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Everyone remembers 2001, and in many ways it was the beginning of mini-recessions that led to the big recession. However for ICON Injection Molding Inc.,  a custom molder in Phoenix, AZ, business grew as the three brothers who started the company stuck to their plan. Today, that plan includes expanding the company with a second 20,000-ft2 facility across the street from their original location.

Clare Goldsberry

July 30, 2010

3 Min Read
ICON: Young shop making the right moves

Everyone remembers 2001, and in many ways it was the beginning of mini-recessions that led to the big recession. However for ICON Injection Molding Inc.,  a custom molder in Phoenix, AZ, business grew as the three brothers who started the company stuck to their plan. Today, that plan includes expanding the company with a second 20,000-ft2 facility across the street from their original location. The new facility will have an 8000-ft2, self-contained clean-environment molding area. 

The new clean-environment facility, which is being constructed in a way that Icon can easily turn it into a Class 10,000 cleanroom if business dictates, will be used for the company’s medical molding customers and for cleanroom assembly requirements. Currently, medical molding represents about 40-50% of Icon’s business, says Jeff Davison, the company’s general manager. The facility will be ready for occupancy in September.

AxonHeadBand_web.jpg

The Axon headband assembly for Taser International contains parts that are molded and assembled by ICON Injection Molding.

ICON currently operates in a 20,000-ft2 facility with 18 presses—Nissei and Toshiba machines—set up in manufacturing cells that include robotics and individual cooling towers. The presses range from 15-500 tons, two of which are high-speed presses. Icon has in-house mold manufacturing, but also uses outside mold vendors, including partners in Taiwan and China. The company currently has a small clean-environment molding room set up within the production floor space, where it currently does medical molding. Icon also specializes in insert molding.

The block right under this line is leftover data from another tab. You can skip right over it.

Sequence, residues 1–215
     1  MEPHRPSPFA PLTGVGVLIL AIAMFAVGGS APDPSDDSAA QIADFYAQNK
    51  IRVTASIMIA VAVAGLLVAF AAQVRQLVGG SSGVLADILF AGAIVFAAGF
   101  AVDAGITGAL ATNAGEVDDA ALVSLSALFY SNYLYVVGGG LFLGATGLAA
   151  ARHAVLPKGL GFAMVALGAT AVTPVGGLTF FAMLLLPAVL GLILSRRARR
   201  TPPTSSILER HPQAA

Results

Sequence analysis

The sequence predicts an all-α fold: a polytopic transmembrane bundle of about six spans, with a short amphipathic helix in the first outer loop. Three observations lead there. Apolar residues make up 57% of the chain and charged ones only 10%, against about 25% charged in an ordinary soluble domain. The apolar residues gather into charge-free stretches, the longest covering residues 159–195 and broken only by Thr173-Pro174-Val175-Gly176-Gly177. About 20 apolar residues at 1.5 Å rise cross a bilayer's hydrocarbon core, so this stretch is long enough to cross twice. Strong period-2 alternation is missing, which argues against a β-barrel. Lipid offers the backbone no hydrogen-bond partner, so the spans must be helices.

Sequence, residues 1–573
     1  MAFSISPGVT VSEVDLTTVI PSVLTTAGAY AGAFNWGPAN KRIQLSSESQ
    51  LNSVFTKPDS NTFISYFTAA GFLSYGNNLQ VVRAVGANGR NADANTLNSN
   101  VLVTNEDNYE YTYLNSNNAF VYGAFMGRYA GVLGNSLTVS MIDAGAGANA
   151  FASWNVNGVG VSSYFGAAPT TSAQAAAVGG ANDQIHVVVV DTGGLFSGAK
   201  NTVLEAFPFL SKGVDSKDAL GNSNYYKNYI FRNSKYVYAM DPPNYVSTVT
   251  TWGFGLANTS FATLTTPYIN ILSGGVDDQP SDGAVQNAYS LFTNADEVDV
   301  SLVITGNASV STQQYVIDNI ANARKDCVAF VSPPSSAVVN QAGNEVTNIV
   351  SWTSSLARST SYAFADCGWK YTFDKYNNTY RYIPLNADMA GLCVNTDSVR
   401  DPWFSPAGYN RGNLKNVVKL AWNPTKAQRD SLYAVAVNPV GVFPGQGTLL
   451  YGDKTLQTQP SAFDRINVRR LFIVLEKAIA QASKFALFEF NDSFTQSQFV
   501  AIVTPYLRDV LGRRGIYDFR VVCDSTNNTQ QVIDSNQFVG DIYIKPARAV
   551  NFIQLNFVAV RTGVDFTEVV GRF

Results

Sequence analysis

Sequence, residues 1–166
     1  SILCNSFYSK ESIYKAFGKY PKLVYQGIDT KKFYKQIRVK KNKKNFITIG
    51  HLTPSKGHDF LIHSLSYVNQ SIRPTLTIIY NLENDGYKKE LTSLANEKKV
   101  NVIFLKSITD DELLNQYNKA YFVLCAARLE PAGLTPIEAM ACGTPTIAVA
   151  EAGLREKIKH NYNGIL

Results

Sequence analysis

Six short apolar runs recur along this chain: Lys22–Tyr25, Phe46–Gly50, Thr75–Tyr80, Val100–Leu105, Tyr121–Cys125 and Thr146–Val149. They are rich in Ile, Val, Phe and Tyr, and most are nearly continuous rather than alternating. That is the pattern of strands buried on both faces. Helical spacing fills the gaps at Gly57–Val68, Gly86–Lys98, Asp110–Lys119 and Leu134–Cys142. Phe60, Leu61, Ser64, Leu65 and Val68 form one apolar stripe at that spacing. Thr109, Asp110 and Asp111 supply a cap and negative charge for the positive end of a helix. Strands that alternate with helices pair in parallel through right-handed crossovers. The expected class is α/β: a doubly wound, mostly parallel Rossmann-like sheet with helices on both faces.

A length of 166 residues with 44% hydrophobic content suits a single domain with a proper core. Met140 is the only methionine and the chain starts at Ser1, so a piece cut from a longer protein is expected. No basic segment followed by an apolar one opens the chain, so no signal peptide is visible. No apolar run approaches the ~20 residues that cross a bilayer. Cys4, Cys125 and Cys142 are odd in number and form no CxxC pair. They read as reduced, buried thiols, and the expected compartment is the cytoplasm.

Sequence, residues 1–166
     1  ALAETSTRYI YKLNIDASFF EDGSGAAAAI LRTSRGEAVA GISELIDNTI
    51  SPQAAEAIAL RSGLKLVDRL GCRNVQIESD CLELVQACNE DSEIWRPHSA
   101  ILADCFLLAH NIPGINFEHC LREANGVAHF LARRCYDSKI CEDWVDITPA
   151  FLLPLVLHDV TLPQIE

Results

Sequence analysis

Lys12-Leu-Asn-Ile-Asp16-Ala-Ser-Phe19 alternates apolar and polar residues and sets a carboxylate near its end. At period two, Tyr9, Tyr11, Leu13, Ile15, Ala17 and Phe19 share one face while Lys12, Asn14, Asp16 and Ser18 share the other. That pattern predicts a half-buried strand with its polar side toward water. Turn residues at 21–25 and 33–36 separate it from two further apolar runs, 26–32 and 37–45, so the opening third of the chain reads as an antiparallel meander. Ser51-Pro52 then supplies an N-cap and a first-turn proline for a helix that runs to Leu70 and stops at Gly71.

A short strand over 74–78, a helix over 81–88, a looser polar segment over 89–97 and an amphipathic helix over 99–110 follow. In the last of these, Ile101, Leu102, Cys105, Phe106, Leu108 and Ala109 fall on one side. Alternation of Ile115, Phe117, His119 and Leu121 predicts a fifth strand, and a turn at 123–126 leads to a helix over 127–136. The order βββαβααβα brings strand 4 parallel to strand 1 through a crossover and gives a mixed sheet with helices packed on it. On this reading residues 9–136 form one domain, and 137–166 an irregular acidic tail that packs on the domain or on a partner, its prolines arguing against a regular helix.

One of ICON’s customers is Taser International, a Scottsdale-based company that designs, develops, and manufactures tasers for use by the military and law enforcement. Taser has worked with ICON since Taser’s founding. Recently, ICON worked closely with Taser’s design team to develop a new headset for law enforcement that contains a helmet and head-mounted camera that captures all the actions of the police officer when confronting a suspect. This is new technology that will benefit the law-enforcement community as an evidence-gathering tool.

According to Danny Kleitsch, one of the three brothers/owners, the headset has 22 parts, both injection molded and metal components, that are assembled to make the finished headset. The helmet-mount for the camera has 19 parts to assemble, which assembly includes sonic welding, gluing, screwing, and adjusting tensions.    

Another project that Icon is working on with Taser is the X-REP (Extended Range Electronic Projectiles), a small taser projectile that is essentially a shotgun shell loaded with the taser components that shoots a wireless charge. “It packs twice as much power and has four times the range as the standard Taser guns do,” says Kleitsch.

The X-REP’s 23 molded parts are extremely small and are packed in close together, meaning that the components have very tight tolerances. For this project, Icon is using an engineering-grade polycarbonate, and molding the components in high-speed machines to fill the small, thin-walled parts very fast.

In addition to assembly, Icon does pad printing, heat staking, and sonic welding. Icon also has two proprietary products: an IV bag hanger and a “Bite Block” used by emergency medical technicians when they have to access a patient’s airway.

“We’ll be moving the clean-environment molding from the production floor in this building to the new building, and that will free up more space for our moldmaking area and give us more overall capacity to handle more clients,” says Kleitsch. —Clare Goldsberry

About the Author(s)

Clare Goldsberry

Until she retired in September 2021, Clare Goldsberry reported on the plastics industry for more than 30 years. In addition to the 10,000+ articles she has written, by her own estimation, she is the author of several books, including The Business of Injection Molding: How to succeed as a custom molder and Purchasing Injection Molds: A buyers guide. Goldsberry is a member of the Plastics Pioneers Association. She reflected on her long career in "Time to Say Good-Bye."

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